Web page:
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Living Legends

Joann Miller: Encouraging Women To Get Involved

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Joann Miller still wants to improve things and get recognition for the part women play in making Alexandria a special place to live. She has only one complaint about the 2013 Alexandria Living Legends: “There weren’t enough women nominated. What can we do to fix that?”

— In 1967 Alexandria won the luck of the draw. Ed Miller received orders to report to the Pentagon after his posting as an Air Force attaché in Italy. He drew a circle on a map and asked his wife Joann to find a house within it. On her first day out she found a house in Alexandria that had gone on the market only the night before. The house was still under construction so the couple could pick out everything they wanted to make it their own.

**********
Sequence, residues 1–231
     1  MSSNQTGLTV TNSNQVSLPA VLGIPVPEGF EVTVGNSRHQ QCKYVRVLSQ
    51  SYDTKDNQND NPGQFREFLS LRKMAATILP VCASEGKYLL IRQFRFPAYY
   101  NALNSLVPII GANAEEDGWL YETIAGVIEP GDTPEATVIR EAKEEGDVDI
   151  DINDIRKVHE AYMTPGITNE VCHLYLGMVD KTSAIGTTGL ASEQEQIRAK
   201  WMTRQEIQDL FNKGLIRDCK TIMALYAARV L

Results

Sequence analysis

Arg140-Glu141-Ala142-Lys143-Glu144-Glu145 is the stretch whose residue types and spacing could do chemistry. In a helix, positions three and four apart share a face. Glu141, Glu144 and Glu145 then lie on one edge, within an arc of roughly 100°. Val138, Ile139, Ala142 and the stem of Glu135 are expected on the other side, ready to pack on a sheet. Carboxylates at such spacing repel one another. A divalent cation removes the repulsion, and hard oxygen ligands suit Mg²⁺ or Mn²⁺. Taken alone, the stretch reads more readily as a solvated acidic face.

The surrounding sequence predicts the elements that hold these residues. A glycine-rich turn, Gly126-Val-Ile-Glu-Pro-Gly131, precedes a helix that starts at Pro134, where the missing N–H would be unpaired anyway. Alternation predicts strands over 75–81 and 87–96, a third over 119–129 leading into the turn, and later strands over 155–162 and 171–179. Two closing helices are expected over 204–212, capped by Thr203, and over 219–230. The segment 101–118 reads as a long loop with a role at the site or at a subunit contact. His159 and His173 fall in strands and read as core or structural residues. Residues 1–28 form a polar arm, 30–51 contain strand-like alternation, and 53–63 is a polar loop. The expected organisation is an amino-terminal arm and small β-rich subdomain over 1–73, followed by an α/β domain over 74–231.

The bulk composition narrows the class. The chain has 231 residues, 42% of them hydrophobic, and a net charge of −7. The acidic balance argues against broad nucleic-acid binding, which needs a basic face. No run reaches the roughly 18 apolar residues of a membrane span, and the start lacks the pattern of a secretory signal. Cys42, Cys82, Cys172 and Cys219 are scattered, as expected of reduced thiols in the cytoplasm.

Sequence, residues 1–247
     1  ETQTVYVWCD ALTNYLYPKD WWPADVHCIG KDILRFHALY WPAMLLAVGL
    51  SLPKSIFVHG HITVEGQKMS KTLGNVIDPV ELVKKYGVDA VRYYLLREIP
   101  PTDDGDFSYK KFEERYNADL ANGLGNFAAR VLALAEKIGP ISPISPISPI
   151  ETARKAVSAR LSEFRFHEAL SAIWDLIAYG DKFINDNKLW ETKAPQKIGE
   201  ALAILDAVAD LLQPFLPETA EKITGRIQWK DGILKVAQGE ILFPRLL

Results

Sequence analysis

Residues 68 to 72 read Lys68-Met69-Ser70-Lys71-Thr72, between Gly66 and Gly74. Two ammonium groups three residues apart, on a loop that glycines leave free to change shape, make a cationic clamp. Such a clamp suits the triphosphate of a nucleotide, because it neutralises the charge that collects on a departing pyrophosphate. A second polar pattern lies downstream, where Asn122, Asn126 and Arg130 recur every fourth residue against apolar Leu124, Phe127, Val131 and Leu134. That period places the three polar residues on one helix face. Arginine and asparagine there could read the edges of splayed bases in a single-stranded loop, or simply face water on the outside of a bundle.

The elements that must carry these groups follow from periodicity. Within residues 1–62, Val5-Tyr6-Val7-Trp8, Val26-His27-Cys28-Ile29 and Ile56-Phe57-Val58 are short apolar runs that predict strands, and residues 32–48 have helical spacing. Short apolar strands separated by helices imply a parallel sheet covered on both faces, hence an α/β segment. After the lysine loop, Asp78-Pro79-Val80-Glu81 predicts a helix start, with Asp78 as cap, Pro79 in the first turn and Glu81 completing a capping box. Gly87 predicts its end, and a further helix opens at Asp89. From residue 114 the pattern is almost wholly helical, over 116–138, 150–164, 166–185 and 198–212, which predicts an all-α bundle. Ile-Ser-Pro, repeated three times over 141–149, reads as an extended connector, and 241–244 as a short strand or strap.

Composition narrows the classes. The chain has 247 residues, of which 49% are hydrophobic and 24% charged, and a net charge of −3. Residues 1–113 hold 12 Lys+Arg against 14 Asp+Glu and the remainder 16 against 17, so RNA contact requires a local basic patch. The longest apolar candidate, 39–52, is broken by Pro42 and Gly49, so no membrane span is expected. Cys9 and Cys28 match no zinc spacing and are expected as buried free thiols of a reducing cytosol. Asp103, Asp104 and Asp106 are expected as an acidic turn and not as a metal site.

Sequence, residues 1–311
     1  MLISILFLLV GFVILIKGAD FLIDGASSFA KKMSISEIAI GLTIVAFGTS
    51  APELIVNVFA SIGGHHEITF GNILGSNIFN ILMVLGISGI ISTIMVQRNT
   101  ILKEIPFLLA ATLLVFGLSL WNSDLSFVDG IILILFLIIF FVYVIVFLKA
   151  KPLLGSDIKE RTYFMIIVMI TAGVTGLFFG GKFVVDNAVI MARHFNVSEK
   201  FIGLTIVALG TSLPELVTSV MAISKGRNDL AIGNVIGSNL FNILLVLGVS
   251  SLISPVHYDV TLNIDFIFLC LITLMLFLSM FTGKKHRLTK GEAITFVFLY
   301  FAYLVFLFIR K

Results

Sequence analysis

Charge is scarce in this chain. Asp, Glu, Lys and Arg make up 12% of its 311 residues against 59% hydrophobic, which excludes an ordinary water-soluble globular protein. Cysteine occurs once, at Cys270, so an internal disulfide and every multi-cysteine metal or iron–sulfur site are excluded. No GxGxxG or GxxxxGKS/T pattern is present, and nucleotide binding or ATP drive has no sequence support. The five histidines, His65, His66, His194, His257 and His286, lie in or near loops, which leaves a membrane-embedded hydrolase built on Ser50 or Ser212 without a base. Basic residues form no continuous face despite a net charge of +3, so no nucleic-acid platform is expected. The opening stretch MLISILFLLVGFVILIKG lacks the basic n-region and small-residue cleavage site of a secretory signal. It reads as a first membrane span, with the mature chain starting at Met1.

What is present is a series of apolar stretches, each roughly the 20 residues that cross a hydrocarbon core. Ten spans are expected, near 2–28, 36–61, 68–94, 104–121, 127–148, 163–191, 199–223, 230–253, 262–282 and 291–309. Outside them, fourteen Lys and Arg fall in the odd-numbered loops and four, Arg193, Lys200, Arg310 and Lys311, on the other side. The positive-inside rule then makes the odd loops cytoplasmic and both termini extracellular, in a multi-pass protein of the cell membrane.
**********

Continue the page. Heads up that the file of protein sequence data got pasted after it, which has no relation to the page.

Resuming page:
“We never planned to spend the rest of our lives there. But we loved both the house and Alexandria so we stayed,” Miller said. “This is an ideal community for people who want to get involved. People just get in there and do something.”

Few if any exemplify service to vulnerable women, children and the aged better than Joann Miller. As a volunteer she served as a counselor at the Alexandria Battered Women’s Shelter. She served on the Alexandria Community Services Board and chaired its substance abuse committee. She led the public safety committee of Alexandria’s Commission on Aging.

According to Bob Eiffert, then director of the Alexandria Agency on Aging, she was especially concerned about raising awareness of fraud against seniors. She brought in representatives from the offices of the Virginia Commonwealth’s Attorney and the Virginia Attorney General to make presentations on the subject to the commission and at the city’s senior centers.

MILLER VOLUNTEERED as a counselor with the ecumenical human services nonprofit ALIVE! She took homeless families into her home when other shelter was not available. She helped expand Alexandria’s 4-H youth urban extension through a program that helped girls develop life goals.